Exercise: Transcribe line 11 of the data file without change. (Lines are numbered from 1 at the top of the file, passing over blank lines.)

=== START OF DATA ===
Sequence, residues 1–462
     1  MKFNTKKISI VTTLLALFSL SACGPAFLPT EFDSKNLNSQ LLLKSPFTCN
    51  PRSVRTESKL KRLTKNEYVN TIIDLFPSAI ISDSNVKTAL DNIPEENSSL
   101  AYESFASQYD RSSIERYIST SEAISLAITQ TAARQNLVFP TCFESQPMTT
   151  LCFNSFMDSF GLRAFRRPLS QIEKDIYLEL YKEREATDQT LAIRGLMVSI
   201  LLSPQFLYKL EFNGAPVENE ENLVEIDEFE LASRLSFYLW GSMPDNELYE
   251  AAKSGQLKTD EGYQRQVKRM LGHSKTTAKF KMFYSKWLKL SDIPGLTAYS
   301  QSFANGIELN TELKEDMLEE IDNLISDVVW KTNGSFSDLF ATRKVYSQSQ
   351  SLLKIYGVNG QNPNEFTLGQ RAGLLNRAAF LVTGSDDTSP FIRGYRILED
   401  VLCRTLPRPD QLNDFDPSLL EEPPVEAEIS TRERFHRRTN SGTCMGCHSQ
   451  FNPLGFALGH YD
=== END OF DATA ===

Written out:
   451  FNPLGFALGH YD